Checking back in, and notes on the AHQ tour

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It has been months since I last offered a blog posting on this website – writing has always been a balance of activity and introspection for me.  The fact that nothing has appeared here since March probably shows an overdose of the former, and lack of the latter.  Now that a friend of mine, Bruce Richards (principal horn in the Liège Philharmonic Orchestra), has started blogging at my urging (check out his worthy musings here,) I feel inspired to take up (virtual) pen to (cyber) paper once again.

So many projects have come and gone since March, but for me, by far, the highlight was the American Horn Quartet’s European tour, where I filled in for David Johnson (recovering from a broken eardrum.)  We played 10 concerts and offered master classes and coaching in various locations in Germany, Luxembourg, France, and England.  It was on rather short notice that I received the entire 3rd horn book for the tour, many notes to learn, with a Luxembourg Philharmonic tour to northern Italy and Prague in the middle of it all.  Even though I have been a guest of the AHQ on several other occasions (mostly on Kerry’s popular The Casbah of Tetouan, but also a few other multiple horn performances here and there on various continents), it’s truly a different animal playing as part of this magnificent quartet, à 4.  We hastily put together a program for a gig for the German Criminal Defense Lawyer’s Association near Bonn, and shortly afterwards met again in Bonn for two days of intense rehearsal.  One of the secrets of the AHQ’s success is that very little, if anything, is left to chance in the performances.  Pieces and passages are rehearsed into the smallest detail, including metering crescendos and diminuendos exactly by beat, arrows indicating when to change the intonation of a held note according to the chord changes, ornaments and lengths of articulations, etc.  You wouldn’t believe how many fingerings I wrote in for the fast passages in the Turner Quartet #3, for instance.  Luckily, I was playing from copies of David’s music, and the fingerings he wrote in for stopped passages and tricky bits were absolutely brilliant.  I even bought a cheap (and yes, pretty nerdy) pair of reading glasses to aid me in the rehearsals.  

The first official concert on the tour was at the Stumm’sche Reithalle in Neunkirchen, near Saarbrücken, Germany.  This photo, used for later publicity on the tour, was taken just outside the concert locale.  Even though I felt extremely prepared, the program was taxing to the limit of endurance, as well as one requiring constant concentration.  Playing at this level is like driving a race car, in that one moment of inattention can cause a crash.  I was also concerned with showing that their trust in me was warranted!  Then, as we walked together on stage to warm applause and began the first piece, “America-Tonight” from Walt Perkins’ arrangement of West Side Story, there was no time to think about anything other than the task at hand, the next bar, the turn of this phrase, the tuning of that chord, the mapping of energy to get to the high C at the end of the piece… and this continued throughout the concert.  On the one hand, the absolute devotion to the moment and the mental focus and clarity required to carry off such a task blot out everything but the performance itself; on the other hand, I felt throughout the tour that this state of mind was the most natural thing in the world.  There is room for bold musicality and gorgeous emotional phrasing, but always in a calculated and intelligent way.  The first concert went off without a hitch, as did the following nine.  Each evening we were faced with a different acoustic.  For instance, the chamber music hall in the Luxembourg Philharmonie was quite live with the sound bouncing off in an unexpected direction; in Saint-Nazaire, the acoustic was dry as a bone while we were all glistening with sweat in the heat; the cavernous American Cathedral on the Avenue Georges V in Paris caused us to alter our program to fit the church’s resonance; and so on.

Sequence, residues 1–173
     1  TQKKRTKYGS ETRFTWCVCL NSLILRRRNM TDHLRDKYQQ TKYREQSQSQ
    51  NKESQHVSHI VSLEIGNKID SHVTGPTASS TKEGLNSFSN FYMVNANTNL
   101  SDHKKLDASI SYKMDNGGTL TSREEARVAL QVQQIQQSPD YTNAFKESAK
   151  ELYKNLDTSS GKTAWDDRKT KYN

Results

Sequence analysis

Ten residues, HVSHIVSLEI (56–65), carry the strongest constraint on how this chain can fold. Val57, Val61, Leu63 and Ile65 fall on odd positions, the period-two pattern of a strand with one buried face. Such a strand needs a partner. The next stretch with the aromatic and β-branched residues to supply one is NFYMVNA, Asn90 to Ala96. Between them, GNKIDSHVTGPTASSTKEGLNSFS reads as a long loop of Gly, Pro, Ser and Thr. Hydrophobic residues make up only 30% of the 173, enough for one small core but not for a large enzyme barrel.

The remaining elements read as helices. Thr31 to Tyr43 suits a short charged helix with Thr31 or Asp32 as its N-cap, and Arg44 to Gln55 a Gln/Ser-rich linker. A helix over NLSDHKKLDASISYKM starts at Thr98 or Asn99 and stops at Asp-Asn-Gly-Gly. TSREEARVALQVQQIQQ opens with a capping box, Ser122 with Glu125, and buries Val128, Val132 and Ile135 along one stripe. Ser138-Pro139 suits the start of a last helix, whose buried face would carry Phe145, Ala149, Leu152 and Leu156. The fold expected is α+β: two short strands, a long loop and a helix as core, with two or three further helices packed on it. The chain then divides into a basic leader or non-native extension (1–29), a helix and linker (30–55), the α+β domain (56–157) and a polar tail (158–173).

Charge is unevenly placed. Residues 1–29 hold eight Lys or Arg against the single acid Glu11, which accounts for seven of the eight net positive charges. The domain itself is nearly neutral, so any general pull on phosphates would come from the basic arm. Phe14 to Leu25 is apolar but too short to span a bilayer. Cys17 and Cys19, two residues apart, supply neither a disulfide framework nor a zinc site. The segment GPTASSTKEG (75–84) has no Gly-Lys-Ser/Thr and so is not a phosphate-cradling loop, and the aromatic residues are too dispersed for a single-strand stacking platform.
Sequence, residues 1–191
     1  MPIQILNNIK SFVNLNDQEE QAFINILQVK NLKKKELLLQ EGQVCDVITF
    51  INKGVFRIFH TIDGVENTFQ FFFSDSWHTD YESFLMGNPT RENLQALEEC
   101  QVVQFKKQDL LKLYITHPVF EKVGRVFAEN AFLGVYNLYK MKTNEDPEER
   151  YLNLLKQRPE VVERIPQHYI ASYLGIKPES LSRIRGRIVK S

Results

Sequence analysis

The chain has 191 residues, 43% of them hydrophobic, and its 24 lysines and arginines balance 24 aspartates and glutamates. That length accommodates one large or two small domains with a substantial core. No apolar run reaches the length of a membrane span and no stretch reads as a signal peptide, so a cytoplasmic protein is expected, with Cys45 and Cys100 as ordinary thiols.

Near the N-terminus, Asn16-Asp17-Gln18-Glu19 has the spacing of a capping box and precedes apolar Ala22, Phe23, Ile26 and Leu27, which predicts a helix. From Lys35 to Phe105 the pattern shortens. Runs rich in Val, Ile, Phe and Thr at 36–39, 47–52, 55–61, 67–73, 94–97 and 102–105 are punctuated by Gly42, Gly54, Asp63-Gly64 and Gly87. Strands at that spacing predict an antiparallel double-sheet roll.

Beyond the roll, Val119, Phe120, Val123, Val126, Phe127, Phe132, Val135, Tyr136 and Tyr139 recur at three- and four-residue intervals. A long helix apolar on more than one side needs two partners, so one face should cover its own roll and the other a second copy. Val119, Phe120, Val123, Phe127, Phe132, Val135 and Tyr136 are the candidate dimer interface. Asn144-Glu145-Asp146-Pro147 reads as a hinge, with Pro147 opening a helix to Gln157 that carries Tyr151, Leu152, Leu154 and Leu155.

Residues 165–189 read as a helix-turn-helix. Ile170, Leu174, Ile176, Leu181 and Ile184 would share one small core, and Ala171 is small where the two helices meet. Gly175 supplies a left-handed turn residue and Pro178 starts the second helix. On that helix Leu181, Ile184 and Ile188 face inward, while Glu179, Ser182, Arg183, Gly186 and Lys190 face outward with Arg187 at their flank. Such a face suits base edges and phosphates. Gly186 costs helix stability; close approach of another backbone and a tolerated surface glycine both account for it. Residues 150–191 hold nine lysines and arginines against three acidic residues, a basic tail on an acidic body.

We traveled from venue to venue in a rented Renault Trafic minibus, in which Kerry had posted homemade signs in the back window.  Nearly 5,000 km passed under the odometer as we drove from place to place.  Waiting for the ferry in Calais to take us to Dover for our weekend at the Tonbridge School, we pulled out our horns and practiced on the quay (to the amusement?? of the other ferry passengers.)

You can see a few videos on YouTube from performances on this tour, 2 with students from the class of Xiaoming Han at the Hochschule in Saarbrücken: Take 9 Fanfare and Farewell to Red Castle, as well as a video of our encore in Versailles, Bach’s Air on the G String.   

It was an absolute, unadulterated joy for me to be a part of this project.  Geof, Charlie, Kerry, and Sherry (Geof’s significant other, who took care of the merchandise sales on the tour, as well as helping with the driving and providing me with some female companionship!) were ideal travel cohorts, and were in high spirits for the duration of the tour.  They made it very easy for me to “drop in” to this world-class ensemble, and I am grateful for that.  The problem with being on a 3-week high with this sort of gig is, well, coming back to the real world!  Though I also love orchestral playing, returning to the rank and file felt like being a steeplechase horse who had just been harnessed to a plow.  That plow pays the rent though, and the yoke is relatively light…

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